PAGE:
In the 2006 and 2008 election cycles, Republican candidates for Congress tried to save their bacon by running against immigration. In 2010, according to the Wall Street Journal this morning, a number of Democrats are trying to save their seats by running against trade. I predict the Democratic tactic will be as fruitless as the Republican effort before it.
Democratic incumbents have been running TV ads accusing their Republican challengers of favoring trade agreements, outsourcing, and tax breaks for U.S. companies that invest abroad. The charges are wrong on substance, as I address at length in my 2009 Cato book Mad about Trade: Why Main Street America Should Embrace Globalization, but running against trade has not proven to be a vote getter, either.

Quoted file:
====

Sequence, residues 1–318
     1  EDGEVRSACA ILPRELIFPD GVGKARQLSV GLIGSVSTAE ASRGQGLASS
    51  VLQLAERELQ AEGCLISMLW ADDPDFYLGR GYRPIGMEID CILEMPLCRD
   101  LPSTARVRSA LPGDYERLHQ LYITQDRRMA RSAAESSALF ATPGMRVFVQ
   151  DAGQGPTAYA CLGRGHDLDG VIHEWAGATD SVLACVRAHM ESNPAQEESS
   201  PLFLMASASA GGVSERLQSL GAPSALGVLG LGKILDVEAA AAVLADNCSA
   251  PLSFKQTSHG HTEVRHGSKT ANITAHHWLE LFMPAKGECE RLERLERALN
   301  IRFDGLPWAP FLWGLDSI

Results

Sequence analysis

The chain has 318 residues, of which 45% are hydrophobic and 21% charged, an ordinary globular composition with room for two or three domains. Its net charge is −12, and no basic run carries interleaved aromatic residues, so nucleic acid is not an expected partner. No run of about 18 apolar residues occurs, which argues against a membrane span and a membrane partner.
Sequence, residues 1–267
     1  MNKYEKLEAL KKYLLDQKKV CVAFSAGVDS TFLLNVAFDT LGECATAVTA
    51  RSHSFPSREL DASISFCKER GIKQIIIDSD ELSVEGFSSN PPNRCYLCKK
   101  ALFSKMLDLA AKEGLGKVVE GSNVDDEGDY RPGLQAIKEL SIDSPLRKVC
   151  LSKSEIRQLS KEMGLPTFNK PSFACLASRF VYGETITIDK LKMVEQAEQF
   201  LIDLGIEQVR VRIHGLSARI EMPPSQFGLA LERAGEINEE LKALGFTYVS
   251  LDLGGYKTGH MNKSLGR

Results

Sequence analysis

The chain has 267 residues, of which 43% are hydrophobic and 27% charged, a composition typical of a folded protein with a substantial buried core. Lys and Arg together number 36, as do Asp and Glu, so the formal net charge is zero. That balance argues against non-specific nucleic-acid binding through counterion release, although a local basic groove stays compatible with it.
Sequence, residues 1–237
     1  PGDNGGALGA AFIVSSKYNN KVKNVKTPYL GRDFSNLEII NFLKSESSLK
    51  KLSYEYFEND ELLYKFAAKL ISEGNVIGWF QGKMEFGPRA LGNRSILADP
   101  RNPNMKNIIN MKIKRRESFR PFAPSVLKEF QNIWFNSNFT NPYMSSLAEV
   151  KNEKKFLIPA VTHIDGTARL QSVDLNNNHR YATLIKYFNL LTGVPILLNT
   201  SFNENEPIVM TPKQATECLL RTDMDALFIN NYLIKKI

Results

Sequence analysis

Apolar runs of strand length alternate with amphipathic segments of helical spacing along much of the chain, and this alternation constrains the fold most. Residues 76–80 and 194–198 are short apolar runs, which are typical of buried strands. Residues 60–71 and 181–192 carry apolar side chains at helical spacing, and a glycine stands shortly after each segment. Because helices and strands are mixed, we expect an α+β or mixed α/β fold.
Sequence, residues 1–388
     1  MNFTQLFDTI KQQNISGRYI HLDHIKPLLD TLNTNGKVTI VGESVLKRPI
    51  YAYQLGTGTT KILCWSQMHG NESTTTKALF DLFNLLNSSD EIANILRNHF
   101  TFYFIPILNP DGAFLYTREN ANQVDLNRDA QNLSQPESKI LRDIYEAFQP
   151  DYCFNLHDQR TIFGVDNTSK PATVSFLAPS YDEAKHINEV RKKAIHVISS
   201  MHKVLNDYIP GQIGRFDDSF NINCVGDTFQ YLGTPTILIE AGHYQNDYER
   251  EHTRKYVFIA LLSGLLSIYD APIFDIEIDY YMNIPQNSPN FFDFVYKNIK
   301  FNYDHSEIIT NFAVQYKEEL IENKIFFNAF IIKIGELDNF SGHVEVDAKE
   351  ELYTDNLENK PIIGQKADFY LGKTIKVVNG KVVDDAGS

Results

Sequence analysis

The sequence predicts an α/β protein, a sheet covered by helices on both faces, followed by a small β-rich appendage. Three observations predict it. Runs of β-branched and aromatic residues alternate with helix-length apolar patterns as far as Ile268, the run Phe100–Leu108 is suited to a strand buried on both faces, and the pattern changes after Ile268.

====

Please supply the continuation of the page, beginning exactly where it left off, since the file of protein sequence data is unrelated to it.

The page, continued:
It is difficult to find a presidential or congressional election anywhere that has turned on trade. While most voters have an opinion on trade, the issue tends to rank down the list of top concerns, far behind the economy, jobs, and, in this election cycle, government spending and debt.
Demonizing trade is an especially odd campaign tactic in 2010. The recession of 2008-09 was not caused by trade, but by the bursting of the housing bubble. As the economy slowly recovers, trade has been one of the bright spots, with a healthy increase in exports fueling a revival of the closely watched manufacturing sector, as my Cato colleague Dan Ikenson blogged a few days ago.
Democrats running against trade should remember that the “Clinton economy” of the 1990s that they often speak nostalgically of restoring was built in significant part on the passage of major trade agreements and a robust expansion of trade.